At the moment one of our biggest jobs is restoring the original Madame Jojo's sign (Madame Jojo's is an iconic Soho gig and nightclub venue). It's a huge undertaking! We are restoring the sign exactly how it was originally - a gigantic sign of a woman. The venue has just had permission granted by the council to display the sign again, which is really exciting - it's a great nod back to the Soho of the 1950s. 
Our Soho Neon collection was directly influenced by Soho in the 1950s..
Soho has always been such an individual area, with its own personality. It depresses me when I see areas overtaken by generic chains. Putting the Madame Jojo's sign back up I see as a way of Soho keeping hold of its roots. 
You recently created a sign for Fred Perry too! 
Yes a gigantic neon Laurel, as I mentioned we make the signs here on location. The Fred Perry giant neon Laurel Wreath was made here across the street from the Junkyard.  
Below - our giant Laurel Wreath neon sign in the workshop. 
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Tell me something I probably don't know about neon signs. 
Neon is actually the gas that runs through the signs. It's not just neon actually - neon is just for red signs. If the sign is another colour, the gas that runs through is called argon. Neon glows red, argon runs a dull blue. So a more correct way of referring to them would be neon signs and argon signs I suppose.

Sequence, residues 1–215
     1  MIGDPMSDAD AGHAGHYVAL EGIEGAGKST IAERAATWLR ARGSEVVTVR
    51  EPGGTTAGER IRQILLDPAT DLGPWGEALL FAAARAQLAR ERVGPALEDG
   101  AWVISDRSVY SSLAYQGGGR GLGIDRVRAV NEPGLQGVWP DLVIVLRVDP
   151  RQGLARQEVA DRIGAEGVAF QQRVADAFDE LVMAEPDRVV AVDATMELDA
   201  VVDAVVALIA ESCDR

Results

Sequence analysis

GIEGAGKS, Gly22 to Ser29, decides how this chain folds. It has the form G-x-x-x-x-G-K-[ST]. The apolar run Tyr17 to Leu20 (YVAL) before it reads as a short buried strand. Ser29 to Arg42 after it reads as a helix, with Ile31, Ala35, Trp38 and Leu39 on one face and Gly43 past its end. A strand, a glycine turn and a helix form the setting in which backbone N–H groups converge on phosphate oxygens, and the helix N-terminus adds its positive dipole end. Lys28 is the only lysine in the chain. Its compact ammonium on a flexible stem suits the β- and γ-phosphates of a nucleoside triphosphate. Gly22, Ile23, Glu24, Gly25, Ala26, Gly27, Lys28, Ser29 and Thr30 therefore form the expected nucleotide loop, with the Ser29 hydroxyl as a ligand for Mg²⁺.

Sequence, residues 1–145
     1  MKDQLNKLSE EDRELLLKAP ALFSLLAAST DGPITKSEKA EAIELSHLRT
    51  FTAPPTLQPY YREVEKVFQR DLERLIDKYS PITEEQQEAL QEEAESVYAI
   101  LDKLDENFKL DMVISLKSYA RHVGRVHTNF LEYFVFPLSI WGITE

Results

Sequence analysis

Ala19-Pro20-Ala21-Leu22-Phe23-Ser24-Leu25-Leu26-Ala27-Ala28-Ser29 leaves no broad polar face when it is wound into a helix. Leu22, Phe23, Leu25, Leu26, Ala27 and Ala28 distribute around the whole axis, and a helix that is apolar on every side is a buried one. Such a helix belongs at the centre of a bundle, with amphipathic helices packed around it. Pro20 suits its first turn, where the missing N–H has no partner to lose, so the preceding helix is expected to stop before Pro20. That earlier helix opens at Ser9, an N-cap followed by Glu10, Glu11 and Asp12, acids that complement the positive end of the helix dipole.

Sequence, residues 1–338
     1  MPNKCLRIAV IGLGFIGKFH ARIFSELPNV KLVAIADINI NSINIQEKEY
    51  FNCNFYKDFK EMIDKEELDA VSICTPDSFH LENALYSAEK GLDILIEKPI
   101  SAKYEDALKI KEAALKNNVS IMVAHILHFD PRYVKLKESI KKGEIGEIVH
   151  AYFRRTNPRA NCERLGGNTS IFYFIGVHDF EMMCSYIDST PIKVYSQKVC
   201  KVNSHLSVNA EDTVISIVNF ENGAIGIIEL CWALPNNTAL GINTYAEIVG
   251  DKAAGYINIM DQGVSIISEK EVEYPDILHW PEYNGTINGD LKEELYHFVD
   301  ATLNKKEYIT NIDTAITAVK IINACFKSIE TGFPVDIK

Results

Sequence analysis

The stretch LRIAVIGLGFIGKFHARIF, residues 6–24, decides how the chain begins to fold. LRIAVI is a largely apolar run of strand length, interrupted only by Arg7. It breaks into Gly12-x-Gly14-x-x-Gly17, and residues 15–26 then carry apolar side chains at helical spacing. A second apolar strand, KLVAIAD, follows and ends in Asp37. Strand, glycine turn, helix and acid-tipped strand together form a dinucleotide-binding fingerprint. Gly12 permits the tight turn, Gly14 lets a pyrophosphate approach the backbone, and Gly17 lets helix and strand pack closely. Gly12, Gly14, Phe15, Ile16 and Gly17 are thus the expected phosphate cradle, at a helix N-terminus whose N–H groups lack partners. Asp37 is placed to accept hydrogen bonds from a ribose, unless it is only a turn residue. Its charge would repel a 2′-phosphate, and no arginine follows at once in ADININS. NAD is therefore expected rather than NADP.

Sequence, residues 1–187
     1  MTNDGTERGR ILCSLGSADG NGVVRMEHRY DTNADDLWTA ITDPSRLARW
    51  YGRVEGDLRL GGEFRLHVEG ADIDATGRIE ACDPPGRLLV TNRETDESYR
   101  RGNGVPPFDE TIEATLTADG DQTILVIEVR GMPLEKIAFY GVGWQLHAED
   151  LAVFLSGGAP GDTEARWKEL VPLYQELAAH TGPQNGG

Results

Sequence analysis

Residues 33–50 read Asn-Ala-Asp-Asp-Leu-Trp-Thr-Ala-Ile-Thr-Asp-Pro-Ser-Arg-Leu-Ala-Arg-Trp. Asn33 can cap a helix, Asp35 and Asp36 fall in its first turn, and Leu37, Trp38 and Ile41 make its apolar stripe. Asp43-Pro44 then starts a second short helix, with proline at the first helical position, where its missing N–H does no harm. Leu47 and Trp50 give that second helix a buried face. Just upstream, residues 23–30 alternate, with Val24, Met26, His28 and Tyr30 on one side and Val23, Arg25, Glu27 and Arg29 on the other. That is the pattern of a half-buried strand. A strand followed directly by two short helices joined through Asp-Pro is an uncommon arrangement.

If neon glows red and argon blue, how do you create so many bright colours? 
We powder coat the inside of the glass tubes we use argon gas in. Alone, it glows a dull blue, but with the colour coating it is much brighter and more colourful. Look at the bends next time you see a non-red neon sign, you will most likely see a dull blue colour seeping out. 
That's something I never knew. Anything else of interest you can think of? 
Far too much to go into detail now! However the longest length of a sign we usually deal with is 1 metre. This is then fused with lots of different 1-metre lengths to create the sign as a whole. This makes the glass much more manageable to work with, and as a fragile object it is much easier (and cheaper) to repair and replace a 1 metre section than an entire sign. 
Jon, thank you for your time. 
No problem at all. Thanks for coming down.
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Soho Neon by Fred Perry is available now in Fred Perry Authentic stores and online. 
View Soho Neon for men online HERE
View Soho Neon for women online HERE
Find your nearest Fred Perry Authentic store HERE
Find out more information about "Gods Own Junkyard" and the work of Chris Bracey HERE
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Thanks to Gods Own Junkyard, Chris Bracey and Jon Blake.